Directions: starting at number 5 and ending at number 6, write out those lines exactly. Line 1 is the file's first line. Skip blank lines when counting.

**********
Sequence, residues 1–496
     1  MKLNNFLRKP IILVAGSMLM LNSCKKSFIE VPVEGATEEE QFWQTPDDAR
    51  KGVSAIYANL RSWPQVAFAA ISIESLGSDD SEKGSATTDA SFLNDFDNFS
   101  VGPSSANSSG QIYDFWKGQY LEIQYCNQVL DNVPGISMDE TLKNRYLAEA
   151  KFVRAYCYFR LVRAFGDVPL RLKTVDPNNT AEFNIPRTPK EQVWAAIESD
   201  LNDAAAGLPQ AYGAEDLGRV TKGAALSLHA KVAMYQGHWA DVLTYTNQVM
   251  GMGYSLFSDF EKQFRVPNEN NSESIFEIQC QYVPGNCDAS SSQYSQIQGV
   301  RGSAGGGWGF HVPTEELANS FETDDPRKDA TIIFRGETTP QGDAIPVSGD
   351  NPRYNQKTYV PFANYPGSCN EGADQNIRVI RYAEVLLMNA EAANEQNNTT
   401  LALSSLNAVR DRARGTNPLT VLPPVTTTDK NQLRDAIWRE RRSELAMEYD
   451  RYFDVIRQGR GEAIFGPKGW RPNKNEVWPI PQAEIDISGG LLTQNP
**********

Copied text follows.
   151  KFVRAYCYFR LVRAFGDVPL RLKTVDPNNT AEFNIPRTPK EQVWAAIESD
   201  LNDAAAGLPQ AYGAEDLGRV TKGAALSLHA KVAMYQGHWA DVLTYTNQVM